Rogeam Rodrigues stands in front of his massive sand sculpture, his expression full of pride as tourists stop and pull out their cameras to snap a quick picture.
His sculpture of a giant castle, the Rio 2016 logo and the key tourist landmarks in the city is just one of many along the boardwalk on Copacabana Beach. Each is intricate, and it’s evident the creators spent many days working on them.
Rodrigues spent 20 days creating his sculpture, taking turns with friends to stay beside it at night to make sure no one destroyed it. He travels around the world to create these sculptures. Sometimes it’s for big events, and sometimes it’s just because he wants to.
“I decided to try every day to get better,” Rodrigues said through a translator. “I grew up in the favela, so I’m not afraid of anything … I had already been through the worst.”
When Rodrigues was young, a Columbian sand artist came to the favela to teach a group of kids about his work. The artist took a liking to Rodrigues and said he could have a future in sand art.
So he took him under his wing and taught him about the art, and Rodrigues is constantly pushing himself to improve because of that artist.
Through his work, he’s traveled to places he’d never thought he’d be able to reach. But he knows wherever he goes he’ll be welcomed.
“I bring happiness and beautiful art there,” Rodrigues said. “Everyone comes, they take pictures, film and make memories from it.”
At Copacabana Beach, that was certainly true. Tourists gathered around his art, posing with it to take photos, while Rodrigues stood close by, chatting with passersby.
Justin Joyce, a 24-year-old from Newcastle, United Kingdom, who came to volunteer at the Olympic sailing events, said the sand art was impressive.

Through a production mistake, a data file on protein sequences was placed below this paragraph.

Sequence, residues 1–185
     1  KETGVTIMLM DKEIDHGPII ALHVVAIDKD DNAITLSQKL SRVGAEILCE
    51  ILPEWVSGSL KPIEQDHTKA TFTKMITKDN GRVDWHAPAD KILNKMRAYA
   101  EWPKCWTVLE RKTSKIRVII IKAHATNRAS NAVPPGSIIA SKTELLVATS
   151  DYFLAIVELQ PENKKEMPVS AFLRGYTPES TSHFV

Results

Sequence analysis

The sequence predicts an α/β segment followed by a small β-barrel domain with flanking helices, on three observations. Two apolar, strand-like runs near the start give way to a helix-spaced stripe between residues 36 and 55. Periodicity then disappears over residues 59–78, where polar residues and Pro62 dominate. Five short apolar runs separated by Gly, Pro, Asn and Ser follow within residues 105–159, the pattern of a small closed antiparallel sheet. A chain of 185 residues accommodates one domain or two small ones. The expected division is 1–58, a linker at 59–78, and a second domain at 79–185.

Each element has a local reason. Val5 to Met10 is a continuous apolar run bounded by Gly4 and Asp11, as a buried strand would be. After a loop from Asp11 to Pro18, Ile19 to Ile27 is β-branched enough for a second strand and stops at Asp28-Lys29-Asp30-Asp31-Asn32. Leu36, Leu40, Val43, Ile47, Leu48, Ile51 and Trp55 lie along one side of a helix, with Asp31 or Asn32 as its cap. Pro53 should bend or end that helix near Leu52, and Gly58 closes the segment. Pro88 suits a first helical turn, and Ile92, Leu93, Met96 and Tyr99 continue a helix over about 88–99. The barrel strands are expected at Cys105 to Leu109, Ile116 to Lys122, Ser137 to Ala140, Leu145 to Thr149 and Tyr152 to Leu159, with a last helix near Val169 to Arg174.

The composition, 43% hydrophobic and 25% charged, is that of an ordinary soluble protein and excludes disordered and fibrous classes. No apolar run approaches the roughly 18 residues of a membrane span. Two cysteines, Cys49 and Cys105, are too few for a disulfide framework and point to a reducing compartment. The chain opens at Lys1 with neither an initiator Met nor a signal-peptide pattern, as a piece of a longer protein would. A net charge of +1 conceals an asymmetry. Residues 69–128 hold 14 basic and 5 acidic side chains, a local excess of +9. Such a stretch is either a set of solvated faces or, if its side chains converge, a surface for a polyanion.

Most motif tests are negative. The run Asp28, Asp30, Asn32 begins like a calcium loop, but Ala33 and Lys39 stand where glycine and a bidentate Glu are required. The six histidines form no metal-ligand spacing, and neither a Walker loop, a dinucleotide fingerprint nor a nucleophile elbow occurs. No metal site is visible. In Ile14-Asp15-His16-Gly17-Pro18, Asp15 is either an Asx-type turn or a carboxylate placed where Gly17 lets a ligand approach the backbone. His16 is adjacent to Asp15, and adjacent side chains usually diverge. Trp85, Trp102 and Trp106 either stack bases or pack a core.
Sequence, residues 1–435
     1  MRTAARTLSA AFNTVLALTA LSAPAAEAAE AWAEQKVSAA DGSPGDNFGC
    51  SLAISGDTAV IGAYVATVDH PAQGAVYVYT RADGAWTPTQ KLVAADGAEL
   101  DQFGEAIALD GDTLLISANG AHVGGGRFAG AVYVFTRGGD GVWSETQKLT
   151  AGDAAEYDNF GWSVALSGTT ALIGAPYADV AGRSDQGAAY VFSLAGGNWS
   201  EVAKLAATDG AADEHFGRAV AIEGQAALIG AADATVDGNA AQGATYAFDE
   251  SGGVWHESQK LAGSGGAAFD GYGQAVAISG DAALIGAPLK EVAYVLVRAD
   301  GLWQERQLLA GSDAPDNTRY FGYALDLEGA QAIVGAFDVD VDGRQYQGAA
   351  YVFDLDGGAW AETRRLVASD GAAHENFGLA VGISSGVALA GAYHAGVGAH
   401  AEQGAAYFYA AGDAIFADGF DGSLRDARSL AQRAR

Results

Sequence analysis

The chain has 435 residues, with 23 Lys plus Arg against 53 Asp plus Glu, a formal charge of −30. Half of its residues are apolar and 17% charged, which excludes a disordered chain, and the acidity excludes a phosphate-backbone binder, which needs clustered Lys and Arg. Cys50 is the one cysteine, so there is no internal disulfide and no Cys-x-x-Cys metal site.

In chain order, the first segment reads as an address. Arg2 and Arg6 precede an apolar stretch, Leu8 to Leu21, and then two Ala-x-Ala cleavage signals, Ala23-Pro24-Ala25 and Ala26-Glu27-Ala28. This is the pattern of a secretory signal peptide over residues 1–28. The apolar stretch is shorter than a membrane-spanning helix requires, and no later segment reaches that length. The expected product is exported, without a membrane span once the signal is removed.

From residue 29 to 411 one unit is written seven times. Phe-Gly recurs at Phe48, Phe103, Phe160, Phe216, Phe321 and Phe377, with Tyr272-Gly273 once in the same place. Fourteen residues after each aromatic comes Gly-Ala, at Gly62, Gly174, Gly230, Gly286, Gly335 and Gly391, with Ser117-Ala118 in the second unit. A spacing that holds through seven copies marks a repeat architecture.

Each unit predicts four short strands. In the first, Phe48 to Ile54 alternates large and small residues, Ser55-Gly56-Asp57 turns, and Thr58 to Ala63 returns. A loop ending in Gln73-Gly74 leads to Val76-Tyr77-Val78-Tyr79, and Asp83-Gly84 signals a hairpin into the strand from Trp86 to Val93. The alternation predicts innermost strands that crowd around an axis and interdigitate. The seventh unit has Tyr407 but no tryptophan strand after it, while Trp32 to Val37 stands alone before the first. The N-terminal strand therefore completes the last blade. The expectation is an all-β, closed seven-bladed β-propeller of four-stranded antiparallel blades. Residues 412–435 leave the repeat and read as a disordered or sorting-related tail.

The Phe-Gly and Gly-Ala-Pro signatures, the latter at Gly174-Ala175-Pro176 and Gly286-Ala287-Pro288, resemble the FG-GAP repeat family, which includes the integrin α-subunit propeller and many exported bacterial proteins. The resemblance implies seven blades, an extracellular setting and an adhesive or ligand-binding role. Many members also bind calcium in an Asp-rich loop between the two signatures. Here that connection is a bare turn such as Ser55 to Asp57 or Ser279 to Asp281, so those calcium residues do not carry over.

“It’s so detailed and structured, it’s so well built,” Joyce said. “It’s like fine art drawn.”
Rodrigues’ creation is only made of sand and water, and every so often, he has to spray it with water to make sure it doesn’t crumble.
He’s proud of the work he does; he even keeps a portfolio of everything he’s ever built with him near the sculpture. He occasionally pulls it out to show interested tourists.
Rodrigues has worked since he was a child to better his skills so he could do what his parents couldn’t do for him: make sure his children have anything they could want.
With his sand art, he’s found stability and was able to buy a house instead of renting like he had always done in the favela.
“Now,” he said, “I have a great life because of the sand.”
Kara Berg is a Ball State University student and writer for BSU at the Games, a group of 50 journalism students traveling from Muncie, Indiana, to Rio for the Olympic Games. Follow them at bsuatthegames.com, @bsuatthegames on Twitter and Instagram, and BSU at the Games on Facebook.
Kara Berg is a senior journalism major at Ball State University, and has been obsessed with the Olympics ever since she can remember. She was a competitive swimmer for 12 years and loves the sport more than anything.